Jeanette Winterson’s novels are at the cusp of modernism,postmodernism, andMagical Realism. Her sheer verbal skills, so evident in her fiction, led to the novels’ initial popularity. The novels also were popular because they filled the desire in the mid-1980’s for a new lesbian narrative subgenre. In some ways, Winterson steered the postfeminist novel into uncharted territories, especially in terms of narrative. She made gender, along with plot, history, and even narrator, sources of uncertainty. The one certainty in her novels is the story of the truth of love. Other consistent themes include myth and the fairy tale.
Oranges Are Not the Only Fruit, an immediate popular success, is an autobiographical story of lesbian sexuality. The heroine, simply called Jeanette (and later Jess), relates her experiences with a narrow-minded religious sect. With this novel, Winterson joined a long line of writers who were liberated from narrow religious upbringings. (D. H. Lawrence is perhaps the most obvious and most acknowledged of these writers.)
Winterson inherited far more from her religious upbringing than she rejected. She admitted that her readings as a child, narrow and limited as they were, led to her love of words and her sense of style. She became an evangelist, not for religion but for the books themselves, much like the “religion of literature” that the poet Matthew Arnold sought to construct out of the ruins of his childhood faith. Winterson has said that literature, and specifically postmodernist literature, has to redefine the boundaries of truth in terms of love and do so beyond the norms of common sense. As in Lawrence, that love has to be defined in terms of sexuality and passion.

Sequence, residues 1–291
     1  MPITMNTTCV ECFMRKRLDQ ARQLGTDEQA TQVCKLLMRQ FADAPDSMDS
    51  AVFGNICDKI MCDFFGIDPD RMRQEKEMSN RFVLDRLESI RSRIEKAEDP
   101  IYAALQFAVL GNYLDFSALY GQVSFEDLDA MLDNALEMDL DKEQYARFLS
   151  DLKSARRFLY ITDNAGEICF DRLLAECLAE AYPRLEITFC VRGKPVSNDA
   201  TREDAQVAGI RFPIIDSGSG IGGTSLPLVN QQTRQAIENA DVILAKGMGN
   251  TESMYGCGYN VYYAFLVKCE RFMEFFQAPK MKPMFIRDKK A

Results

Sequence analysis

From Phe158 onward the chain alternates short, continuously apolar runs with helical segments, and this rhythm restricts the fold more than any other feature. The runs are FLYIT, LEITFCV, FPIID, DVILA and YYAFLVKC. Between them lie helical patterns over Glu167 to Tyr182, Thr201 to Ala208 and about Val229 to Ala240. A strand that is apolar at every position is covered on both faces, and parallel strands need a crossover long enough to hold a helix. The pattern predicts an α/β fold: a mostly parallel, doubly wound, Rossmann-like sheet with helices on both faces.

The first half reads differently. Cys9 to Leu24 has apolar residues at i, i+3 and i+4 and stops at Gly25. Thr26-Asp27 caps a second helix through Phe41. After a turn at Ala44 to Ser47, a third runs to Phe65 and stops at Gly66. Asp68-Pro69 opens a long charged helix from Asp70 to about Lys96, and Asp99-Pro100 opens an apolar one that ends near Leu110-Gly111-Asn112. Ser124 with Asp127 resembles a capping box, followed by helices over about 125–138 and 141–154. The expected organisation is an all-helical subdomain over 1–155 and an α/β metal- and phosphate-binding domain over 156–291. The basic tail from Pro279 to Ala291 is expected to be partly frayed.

Winterson’s next two novels,The Passion and Sexing the Cherry, play with history, with The Passion set in the Napoleonic era. Her fourth novel, Written on the Body, is a more somber exploration of what became her typical plot structure, the love triangle of a married couple and a single woman, usually lesbian. Love is challenged by disease, as the heroine is diagnosed with cancer. Love and disease break down boundaries, demanding new ones be constructed. The novel has no plot line and the narrator is not clearly gendered. Art and Lies and Gut Symmetries are similarly constructed.
After publishing the novels The Power Book and Lighthousekeeping, Winterson turned to children’s science fiction. By invitation of a small Scottish press, she turned to pure myth in the novel Weight, which is a retelling of the story of Atlas and Hercules. A growing concern with ecological issues led to the novel The Stone Gods, set partly in space in the science fiction format and partly on Easter Island, which suffered desertification at the hands of humans.
Sexing the Cherry
Sexing the Cherry is an experiment in postmodern fiction, interweaving strands of history, myth, fairy tale, and Magical Realism. The main plot concerns an orphan named Jordan and his adoptive mother, a large Rabelaisian earth-mother type of woman who lives by the river Thames in London. The time is the seventeenth century, and London is in the throes of civil war. Winterson shows herself with this novel to be deeply reactionary in...
(The entire section is 1371 words.)